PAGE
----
When I hear the phrase “secret ingredient,” I automatically think “Ahh, poison.” Otherwise, why in the name of Julia Child would it be a secret? For years I heard references to “the secret ingredient” in real Italian spaghetti sauce. I heard it mentioned in literature, on radio shows, in movies, in hushed conversations in back rooms, and you know what it was? Cloves, ground cloves. Or sometimes maple syrup. Occasionally just really thinly sliced garlic. That’s it. Those were the closely guarded relics passed on from specially selected generational maven to maven.
Seriously. I’ve snorted more newsworthy kitchen spices at slumber parties.So let us please drop the big facade. Unless you are an actual witch/wizard or you are actually planning someone’s demise via edibles/potables, stop with the melodrama and just tell me how you made that pretty darn good casserole I had at your dad’s place last week. Your casserole/sauce/cocktail/dressing will, in no real and physical way, taste less delicious just because I’m making it too.
Perhaps these lingering urges toward secrecy are all just left over from eras past where there were weekly coffeecake competitions before each key party and the winner got to bed the male with the most hair left on his head. But we live in a new world. A world where every recipe ever is somewhere on the internet. If someone asks for your recipe, it means they like what you’ve done, it means they would like to connect with you and pay a bit of friendly homage to your good taste. It means their wifi is on the blink and they have a potluck to go to. Don’t be coy. Recipes are not swimming holes that can be ruined by the wrong five jerks with their case of Zima.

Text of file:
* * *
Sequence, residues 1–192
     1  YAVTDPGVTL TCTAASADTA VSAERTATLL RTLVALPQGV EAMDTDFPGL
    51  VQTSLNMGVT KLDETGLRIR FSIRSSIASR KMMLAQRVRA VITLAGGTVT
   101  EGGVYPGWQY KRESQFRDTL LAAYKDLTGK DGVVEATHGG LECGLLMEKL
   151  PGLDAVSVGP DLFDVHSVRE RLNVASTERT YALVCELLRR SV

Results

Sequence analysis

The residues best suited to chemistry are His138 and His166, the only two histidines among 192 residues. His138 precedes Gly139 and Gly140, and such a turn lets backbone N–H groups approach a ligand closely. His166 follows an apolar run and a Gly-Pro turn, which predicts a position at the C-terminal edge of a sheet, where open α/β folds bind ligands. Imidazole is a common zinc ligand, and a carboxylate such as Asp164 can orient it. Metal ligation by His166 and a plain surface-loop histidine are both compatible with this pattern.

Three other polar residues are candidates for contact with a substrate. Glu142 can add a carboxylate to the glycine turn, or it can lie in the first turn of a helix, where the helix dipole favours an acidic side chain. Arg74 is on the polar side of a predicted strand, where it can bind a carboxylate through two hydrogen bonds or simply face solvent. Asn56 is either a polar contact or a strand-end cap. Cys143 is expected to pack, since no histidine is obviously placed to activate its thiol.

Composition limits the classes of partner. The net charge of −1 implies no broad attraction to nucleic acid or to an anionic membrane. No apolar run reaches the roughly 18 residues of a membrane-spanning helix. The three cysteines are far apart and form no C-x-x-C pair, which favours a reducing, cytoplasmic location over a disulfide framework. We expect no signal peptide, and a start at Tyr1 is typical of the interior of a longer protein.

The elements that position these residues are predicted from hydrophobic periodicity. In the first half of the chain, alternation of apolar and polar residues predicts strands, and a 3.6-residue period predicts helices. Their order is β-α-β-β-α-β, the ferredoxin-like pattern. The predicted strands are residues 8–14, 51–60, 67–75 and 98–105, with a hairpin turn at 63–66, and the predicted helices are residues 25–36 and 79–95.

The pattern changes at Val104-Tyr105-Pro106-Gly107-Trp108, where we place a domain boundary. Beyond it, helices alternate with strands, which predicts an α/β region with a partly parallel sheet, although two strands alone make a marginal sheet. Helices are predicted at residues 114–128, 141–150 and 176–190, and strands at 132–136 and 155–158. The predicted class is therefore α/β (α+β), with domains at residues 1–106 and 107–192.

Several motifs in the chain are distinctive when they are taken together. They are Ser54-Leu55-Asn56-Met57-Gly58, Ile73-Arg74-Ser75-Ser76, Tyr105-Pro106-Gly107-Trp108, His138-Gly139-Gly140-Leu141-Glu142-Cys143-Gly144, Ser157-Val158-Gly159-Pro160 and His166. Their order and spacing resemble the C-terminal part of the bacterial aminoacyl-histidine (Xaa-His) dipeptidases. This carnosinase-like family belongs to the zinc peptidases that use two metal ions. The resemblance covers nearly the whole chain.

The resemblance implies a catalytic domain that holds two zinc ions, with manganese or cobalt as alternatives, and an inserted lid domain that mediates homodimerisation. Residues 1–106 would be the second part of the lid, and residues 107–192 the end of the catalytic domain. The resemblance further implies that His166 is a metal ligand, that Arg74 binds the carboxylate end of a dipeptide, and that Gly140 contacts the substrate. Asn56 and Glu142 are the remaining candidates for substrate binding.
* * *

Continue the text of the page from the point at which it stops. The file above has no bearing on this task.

Good family recipes are like white privilege. I’m not going to pretend the perks don’t make my life better, but I will at least admit I gained them through no personal merit. And I will share them whenever I can. So, in the spirit of disclosure and the airing and sharing of family secrets, here is my grandmother’s recipe for “Knockout Drops.” They are like brass knuckles full of love and death for your mouth. They make you dizzy and high. They cure AND sing the blues. They smite enemies. My mom isn’t so sure they should be shared beyond our circle of aunts, uncles, cousins, cousins-in-law, ex-husband’s sisters, great-grandchildren etc. I disagree. Also, I think they are actually from some long out of print edition of The Joy of Cooking. The secret ingredient is a pound of sugar. Shhhhhhhhh.